peppers, sautéed spinach, and mozzarella bathed in an excellent marinara sauce.
In a similar vein, the roasted red peppers with mozzarella ($7.50) is also
Although a diminutive salad -- freshly tossed mixed greens with the house
vinaigrette -- is included with your entrée, you might want to try either the
classic Caesar ($8.50) or the blue cheese salad ($8.50). This latter offering
combines red & green lettuces and frisée tossed with an earthy but elegant
blue cheese vinaigrette and garnish of apple slices and crumbles of blue
Entrées headline a variety of pastas, fish and meat of the day (market
price), and a select number of daily specials. And, for my money, pasta is clearly
the way to go here. Morsels of clams and capers, for example, marry extremely
well with a pleasant white sauce ($17.50); or for a bit more zip, try pasta
with arrabbiata, a sauce incorporating tomatoes, pancetta, and chilies
Two other personal favorites include the pasta with Bolognese ($18.50) and
pasta with sautéed chicken and escarole in marinara sauce ($18.00). The former
features fusilli in a hearty ragù containing sautéed mushrooms, ground
beef, and chunks of sweet Italian sausage. The latter combines tender strips of
chicken with sautéed escarole in a light, fresh marinara.
The only disappointment in several visits proved to be one of the daily
specials: salmon filet in a graham cracker-cumin crust ($24.00). The fish was
obviously at the peak of good health and nicely pan seared, but the graham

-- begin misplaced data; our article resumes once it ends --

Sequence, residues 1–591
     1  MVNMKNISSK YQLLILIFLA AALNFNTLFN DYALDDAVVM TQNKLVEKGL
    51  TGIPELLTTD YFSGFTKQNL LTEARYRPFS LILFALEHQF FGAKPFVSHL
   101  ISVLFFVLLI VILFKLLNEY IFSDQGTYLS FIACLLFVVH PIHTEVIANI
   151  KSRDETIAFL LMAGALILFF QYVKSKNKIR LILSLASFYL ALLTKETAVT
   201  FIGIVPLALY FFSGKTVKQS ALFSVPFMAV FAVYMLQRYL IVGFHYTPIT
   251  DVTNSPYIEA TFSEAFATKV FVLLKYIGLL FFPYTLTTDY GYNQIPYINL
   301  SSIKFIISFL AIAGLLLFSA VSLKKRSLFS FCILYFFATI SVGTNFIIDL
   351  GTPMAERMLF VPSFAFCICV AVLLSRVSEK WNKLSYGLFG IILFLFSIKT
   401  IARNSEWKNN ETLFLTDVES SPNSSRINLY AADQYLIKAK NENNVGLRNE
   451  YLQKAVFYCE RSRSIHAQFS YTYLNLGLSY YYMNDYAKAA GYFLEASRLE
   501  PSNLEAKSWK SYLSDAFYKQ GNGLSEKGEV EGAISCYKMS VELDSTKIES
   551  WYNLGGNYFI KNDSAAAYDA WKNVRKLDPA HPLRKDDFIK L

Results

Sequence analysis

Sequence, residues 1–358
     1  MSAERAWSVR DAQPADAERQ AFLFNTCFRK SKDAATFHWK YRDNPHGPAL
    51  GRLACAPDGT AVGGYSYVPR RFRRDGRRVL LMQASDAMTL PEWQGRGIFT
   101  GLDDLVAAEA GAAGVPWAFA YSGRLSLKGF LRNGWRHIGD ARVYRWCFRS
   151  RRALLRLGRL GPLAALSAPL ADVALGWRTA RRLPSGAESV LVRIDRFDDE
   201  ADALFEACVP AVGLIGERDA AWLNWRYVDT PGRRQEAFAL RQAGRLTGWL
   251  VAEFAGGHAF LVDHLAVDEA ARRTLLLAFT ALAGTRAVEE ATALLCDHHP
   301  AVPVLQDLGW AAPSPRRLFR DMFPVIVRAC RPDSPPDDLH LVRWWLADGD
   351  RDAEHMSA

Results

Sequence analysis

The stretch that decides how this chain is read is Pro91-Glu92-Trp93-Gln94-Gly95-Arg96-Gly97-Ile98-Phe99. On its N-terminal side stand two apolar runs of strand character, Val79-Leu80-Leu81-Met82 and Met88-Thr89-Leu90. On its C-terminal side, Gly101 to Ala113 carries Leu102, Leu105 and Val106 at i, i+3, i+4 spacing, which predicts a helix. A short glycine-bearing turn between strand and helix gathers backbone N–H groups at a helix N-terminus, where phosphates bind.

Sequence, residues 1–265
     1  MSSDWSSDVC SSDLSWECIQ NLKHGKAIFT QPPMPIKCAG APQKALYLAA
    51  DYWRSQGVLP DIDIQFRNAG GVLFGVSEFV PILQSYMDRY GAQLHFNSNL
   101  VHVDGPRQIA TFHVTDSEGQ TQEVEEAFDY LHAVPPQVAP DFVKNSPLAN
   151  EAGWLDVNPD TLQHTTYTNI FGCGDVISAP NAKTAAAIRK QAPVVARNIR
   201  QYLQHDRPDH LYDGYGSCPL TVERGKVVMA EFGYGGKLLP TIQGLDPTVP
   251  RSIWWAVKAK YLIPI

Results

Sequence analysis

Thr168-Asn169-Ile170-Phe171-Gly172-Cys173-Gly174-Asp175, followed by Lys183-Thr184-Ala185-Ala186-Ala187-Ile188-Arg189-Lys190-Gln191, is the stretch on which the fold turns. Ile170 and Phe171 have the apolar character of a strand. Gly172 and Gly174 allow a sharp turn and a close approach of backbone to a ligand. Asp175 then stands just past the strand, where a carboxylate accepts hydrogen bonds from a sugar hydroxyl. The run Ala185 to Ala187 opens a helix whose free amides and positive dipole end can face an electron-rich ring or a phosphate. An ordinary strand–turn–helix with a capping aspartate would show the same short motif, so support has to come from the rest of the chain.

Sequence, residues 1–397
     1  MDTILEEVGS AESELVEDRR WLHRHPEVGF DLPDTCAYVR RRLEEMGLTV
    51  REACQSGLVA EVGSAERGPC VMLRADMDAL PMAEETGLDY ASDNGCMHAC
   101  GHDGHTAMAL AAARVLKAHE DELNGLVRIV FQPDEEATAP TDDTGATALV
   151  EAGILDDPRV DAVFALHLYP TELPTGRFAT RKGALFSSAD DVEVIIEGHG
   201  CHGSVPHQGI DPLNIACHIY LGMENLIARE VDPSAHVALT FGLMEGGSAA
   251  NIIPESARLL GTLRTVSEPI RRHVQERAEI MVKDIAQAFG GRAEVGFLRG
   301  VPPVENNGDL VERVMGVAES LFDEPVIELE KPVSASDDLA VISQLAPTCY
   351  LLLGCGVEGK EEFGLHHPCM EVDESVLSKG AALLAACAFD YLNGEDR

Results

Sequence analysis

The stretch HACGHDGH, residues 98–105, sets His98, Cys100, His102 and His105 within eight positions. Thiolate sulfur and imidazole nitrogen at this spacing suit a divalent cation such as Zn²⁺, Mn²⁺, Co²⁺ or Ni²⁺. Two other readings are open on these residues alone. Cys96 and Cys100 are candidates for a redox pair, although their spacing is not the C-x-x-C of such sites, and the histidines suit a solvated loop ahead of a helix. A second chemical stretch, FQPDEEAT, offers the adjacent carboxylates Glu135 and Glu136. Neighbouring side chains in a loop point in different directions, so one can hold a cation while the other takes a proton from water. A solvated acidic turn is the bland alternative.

cracker crust was entirely too sweet. The cumin would have provided an
excellent counterpoint, but its presence was barely discernible, and a
nectarous orange aïoli also conspired to make the dish entirely too
cloying for my palate.
Desserts, however, are right back on track. The ricotta cheese cake ($7.50)
isn't really a cheesecake per se; it is, rather, a moist yellow cake with a
creamy ricotta cheese filling. Call it what you will, it is incredibly
delicious. As is the decadent flourless chocolate and espresso cake ($8.00).
Also not to be missed, when it is offered as a daily special, is the homey
apple cinnamon cranberry nut Bundt cake adorned with a dollop of vanilla gelato
DeAnna's also offers a compact, carefully chosen wine list that
marries quite nicely with the food. By the glass, try the smooth and supple
Toasted Head Cabernet ($10.00) or the Cabernet/Shiraz combo from Argentina's
Nieto. By the bottle, the 2004 Valpolicella Classico ($24.00) and the 2005
Soave ($28.00), both from Allegrini, make excellent dinner companions.
It's easy to get hooked on DeAnna's. I am. And if I weren't otherwise
engaged as a professional "hired belly," and lived anywhere in the
immediate vicinity, there is absolutely no question that I'd be dining at Diana
Paterra's entrancing establishment on a regular basis.
Hours: Dinner; Tues - Thurs,5:00 p.m. - 9:00 p.m.; Fri & Sat, 5:00
p.m. - 10:00 p.m.; Sun, 4:00 p.m. - 9:00 p.m.: CLOSED MONDAY
Credit Cards: MC, V
Parking: Small parking lot and street parking
Handicapped Accessible: Difficult